March 28: A mother who wrote a novel in the evenings after her children had gone to bed and “if there was nothing good on the telly” has beaten John Grisham and Danielle Steele to the top of the bestseller list.
Kate Long’s book, The Bad Mother’s Handbook, about an 80-year-old grandmother who shares a council flat in Lancashire with her daughter and granddaughter, was given only short reviews when it was released 23 days ago.
Yet, it has already sold more than 18,000 copies and Long, a teacher, has secured a four-book deal with Pan Macmillan, one of Britain’s biggest publishers, for “a considerable sum”, although they won’t say how much.
In the last week alone, the book sold 8,238 copies compared to 5,314 of John Grisham’s The Last Juror and 3,133 copies of Joanna Trollope’s Brother and Sister.
Long, 39, who lives with her husband and two young children in a small village in Shropshire, sat down to write the book after a day’s teaching and after her children had gone to bed.
She told The Daily Telegraph: “I can’t believe what’s happened — it’s amazing. I’m just a table scribbler, really. I wrote most of it in eight weeks, between 7.30 and 9 at night, depending on whether there was anything good on the telly. And then I spent a year revising it.
“My life is very noisy on account of my two young sons, so I settle down to write on my computer as a means of escape to some extent, like some people might paint or do a tapestry.”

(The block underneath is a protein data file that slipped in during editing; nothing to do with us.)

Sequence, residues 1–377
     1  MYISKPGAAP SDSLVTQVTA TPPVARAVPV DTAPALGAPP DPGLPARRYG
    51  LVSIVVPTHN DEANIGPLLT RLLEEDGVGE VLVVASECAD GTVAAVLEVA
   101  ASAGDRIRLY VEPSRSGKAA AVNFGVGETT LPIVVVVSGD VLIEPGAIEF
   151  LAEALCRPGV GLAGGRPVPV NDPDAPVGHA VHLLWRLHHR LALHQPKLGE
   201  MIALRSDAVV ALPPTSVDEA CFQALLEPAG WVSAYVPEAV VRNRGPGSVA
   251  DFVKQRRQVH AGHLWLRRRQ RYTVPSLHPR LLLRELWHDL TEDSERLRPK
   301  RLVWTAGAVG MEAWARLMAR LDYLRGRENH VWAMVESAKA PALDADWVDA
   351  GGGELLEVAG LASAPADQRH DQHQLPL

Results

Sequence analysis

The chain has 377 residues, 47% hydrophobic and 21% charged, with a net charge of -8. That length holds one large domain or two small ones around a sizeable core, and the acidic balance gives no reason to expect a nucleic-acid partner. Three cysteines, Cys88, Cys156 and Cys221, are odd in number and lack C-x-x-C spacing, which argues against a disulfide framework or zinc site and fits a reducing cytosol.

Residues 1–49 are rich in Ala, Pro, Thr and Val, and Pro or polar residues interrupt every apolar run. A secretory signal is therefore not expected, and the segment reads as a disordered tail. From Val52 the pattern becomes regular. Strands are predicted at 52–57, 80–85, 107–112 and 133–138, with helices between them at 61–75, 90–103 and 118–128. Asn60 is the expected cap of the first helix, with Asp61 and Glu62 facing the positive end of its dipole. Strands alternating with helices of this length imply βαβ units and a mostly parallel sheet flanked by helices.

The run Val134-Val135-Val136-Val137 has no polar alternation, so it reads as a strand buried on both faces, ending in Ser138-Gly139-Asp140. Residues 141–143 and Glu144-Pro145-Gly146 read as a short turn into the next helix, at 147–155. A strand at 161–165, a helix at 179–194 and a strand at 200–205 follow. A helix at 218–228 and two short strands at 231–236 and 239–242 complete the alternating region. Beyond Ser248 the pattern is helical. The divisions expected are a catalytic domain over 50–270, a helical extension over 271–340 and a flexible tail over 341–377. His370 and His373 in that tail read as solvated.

Over the past 10 years, Long, originally from Bolton, Lancashire, has tried and failed to get two other novels published. “I have a stack of more than 20 extremely nice rejection letters.”
Peter Strauss, Long’s agent and the former publisher of Bridget Jones’s Diary, spotted the potential of The Bad Mother’s Handbook having been shown it by David Rees, a friend and magazine publisher.
Strauss hawked the book around a number of publishing houses and a fierce bidding war ensued, securing a “considerable advance” for Long.
“Going to Number One in a hardcover is pretty extraordinary,” said Strauss.
Edward Mitchell, the headmaster of Abbey Gate College in Chester, where Long has taught English for more than 10 years, said: “Kate always had a very acute brain. We knew she had a lot of talent in understanding how teenagers think and that shows in her portrayal of the granddaughter in her book.”
Mitchell was, however, not sure the book would make appropriate reading for his pupils — it begins with a graphic description of the granddaughter having sex with her spindly teenage boyfriend when her grandmother stumbles into the room talking about a horse.